Spices can make food more appetizing by adding more flavor – there are alternatives to using chili. Other spices to consider are lemon grass, ginger, coriander leaves, spring onions and garlic.

    5. PLHIV should avoid fatty or fried foods.

  • Correct information:

    Oil and fat are important sources of energy, and the foods that are normally fried (fish, chicken, pork, frog, etc) are important sources of protein and their consumption should be encouraged.

    People with moderate to severe diarrhea can benefit from temporarily avoiding fatty or fried foods. For PLHIV with no diarrhea who are underweight, eating more fried food can be a good way to gain weight.

    For PLHIV who are overweight, eating less fatty or fried foods may help those wanting to lose weight.

    6. Eating chicken or beef will prevent a wound from healing.

  • Correct information:

    Body building foods (including eggs, fish, chicken, pork, beef, and beans) are very beneficial for a person with open wounds, because they help the body to repair tissues like muscle and skin.

    If a wound does not heal, it is normally because it has become infected with bacteria. If PLHIV have an open wound that will not heal or becomes infected, they should seek medical treatment immediately.

    7. PLHIV should avoid sweet foods (mango, longanberry, sticky rice) because they can cause fever.

  • Correct information:

    Sweet foods can be eaten by PLHIV. Eating sweet fruit and sweets (desserts) in fact can help add energy (and also weight), so it is especially important for PLHIV who are losing weight. Sticky rice and ripe mango are great for a high energy snack/dessert. Eating fruit after meals should be also encouraged.

    8. Pregnant woman should avoid eating more food because it can make her baby much bigger that leads to a difficult delivery.

  • Correct information:

    Pregnant women need to eat more food because they need extra energy for the growth of the baby and to be able to produce enough milk after delivery. The energy needs increase especially for the second and third trimester of pregnancy, which equates to about two boiled eggs and one large banana.

    For pregnant women with HIV, the energy needs are greatly increased because they need extra energy for the baby’s growth and breast milk production as well as for fighting the virus. This extra energy can be achieved by eating an extra meal daily or eat more frequently throughout the day (i.e. every 2 to 4 hours).

    9. Post partum women are recommended to drink plenty of wine to help fast recovery from labour and the birth.

  • Correct information:

    It took the body months to prepare to give birth and it takes time to recover. Adequate rest and eating well is required for the mothers to recover quickly. Mothers need to eat well and drink plenty of fluids to have adequate milk for their babies. Doing so will help them to regain energy and strength. Healthy mother can produce better quality and quantity of milk.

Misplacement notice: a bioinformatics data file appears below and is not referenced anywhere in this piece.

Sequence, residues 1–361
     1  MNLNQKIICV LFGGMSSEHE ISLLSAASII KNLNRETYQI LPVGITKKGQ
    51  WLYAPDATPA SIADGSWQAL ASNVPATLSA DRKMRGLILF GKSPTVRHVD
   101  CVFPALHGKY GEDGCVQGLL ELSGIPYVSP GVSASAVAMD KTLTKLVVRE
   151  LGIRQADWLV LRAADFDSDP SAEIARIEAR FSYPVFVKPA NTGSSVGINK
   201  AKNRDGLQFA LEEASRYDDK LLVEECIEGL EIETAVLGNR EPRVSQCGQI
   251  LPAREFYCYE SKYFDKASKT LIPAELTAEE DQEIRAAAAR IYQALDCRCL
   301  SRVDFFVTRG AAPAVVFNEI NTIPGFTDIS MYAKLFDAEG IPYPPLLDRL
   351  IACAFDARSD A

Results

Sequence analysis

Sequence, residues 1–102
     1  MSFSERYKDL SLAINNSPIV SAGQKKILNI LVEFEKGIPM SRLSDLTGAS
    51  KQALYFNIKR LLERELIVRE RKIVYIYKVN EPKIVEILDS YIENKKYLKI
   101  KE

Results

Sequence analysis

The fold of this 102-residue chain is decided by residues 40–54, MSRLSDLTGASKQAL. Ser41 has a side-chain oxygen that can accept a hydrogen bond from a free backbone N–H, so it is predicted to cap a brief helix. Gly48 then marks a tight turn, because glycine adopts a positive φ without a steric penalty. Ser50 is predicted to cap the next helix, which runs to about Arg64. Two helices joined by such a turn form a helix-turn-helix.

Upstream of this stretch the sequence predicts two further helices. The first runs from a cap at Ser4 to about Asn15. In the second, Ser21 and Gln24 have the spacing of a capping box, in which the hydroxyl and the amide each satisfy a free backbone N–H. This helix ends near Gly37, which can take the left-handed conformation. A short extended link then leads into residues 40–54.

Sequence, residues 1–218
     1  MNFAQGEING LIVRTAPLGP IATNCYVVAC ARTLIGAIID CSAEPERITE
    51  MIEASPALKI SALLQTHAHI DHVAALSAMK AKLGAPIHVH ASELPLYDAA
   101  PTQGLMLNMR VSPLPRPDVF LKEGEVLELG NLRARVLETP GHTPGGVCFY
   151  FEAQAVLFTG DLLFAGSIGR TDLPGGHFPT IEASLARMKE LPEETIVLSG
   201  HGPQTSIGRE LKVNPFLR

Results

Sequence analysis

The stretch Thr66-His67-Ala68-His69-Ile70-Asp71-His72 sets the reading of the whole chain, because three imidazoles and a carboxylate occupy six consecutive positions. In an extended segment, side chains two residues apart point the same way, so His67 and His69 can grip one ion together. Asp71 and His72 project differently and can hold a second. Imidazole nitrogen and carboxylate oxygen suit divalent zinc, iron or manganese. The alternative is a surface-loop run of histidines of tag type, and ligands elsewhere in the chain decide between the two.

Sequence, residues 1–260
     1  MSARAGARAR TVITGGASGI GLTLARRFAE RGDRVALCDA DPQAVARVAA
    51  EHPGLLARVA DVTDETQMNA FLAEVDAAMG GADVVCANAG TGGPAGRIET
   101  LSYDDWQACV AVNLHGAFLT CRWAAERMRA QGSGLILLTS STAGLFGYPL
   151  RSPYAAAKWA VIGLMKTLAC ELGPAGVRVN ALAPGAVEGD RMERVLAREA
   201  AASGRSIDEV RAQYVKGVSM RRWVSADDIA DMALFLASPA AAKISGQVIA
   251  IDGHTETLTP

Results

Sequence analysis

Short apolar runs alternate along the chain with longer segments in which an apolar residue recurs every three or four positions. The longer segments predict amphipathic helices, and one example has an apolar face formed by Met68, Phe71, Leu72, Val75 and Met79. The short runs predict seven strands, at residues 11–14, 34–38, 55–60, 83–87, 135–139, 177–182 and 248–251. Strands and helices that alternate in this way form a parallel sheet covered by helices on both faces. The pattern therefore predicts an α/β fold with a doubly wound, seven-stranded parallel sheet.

Alcohol should be avoided during breastfeeding, particularly in the first month when it is important to establish breastfeeding patterns for the baby. If a mother drinks alcohol, alcohol will get into her breastmilk from her blood, moving freely from the blood to the breast milk (and back out again). How much alcohol gets into the breast milk depends on the strength and amount of alcohol in the drink.

    10. Breastfeeding women should not eat sour soup, fish, pickle and uncooked vegetables.
    Correct information:

    Breastfeeding uses a lot of energy and nutrients so it is important that the mothers need to eat a wide variety of foods to supply nutrients for their health and wellbeing. Breastfeeding women should not be afraid of eating certain fruits, vegetables, pickles and meats as long as they are prepared hygienically. There is little evidence that certain foods cause diarrhea for the mother or upset babies and give them diarrhea. It is important for breastfeeding women to eat locally available energy giving, protein (body building food), fruit and vegetables (protective food), particularly foods rich in calcium (e.g. milk or soy milk) and iron (e.g. meat, green leafy vegetables etc). They also need to drink plenty of fluids such as water. All fluids count but water is the best source of fluid and helps to prevent dehydration.

    11. Sick children should avoid certain fruits (guava, watermelon, longanberry, young mango), soups with meats or fish
    Correct information:

    When a child is sick, he/she needs more food than usual so it is important to continue feeding to maintain the child’s strength and appetite during illness. Chicken, duck, frog, eggs, crab, pork or fish are part of the “body-building” group of foods. These foods are important food for a sick child because they provide protein for good growth and recovery from illness. Rice soup or porridge is good for sick children but mothers should add fish or egg to it. Different vegetables and fruits such as pumpkin, yellow sweet potato, ripe papaya, and ripe mango give a lot of vitamins that help children get better faster.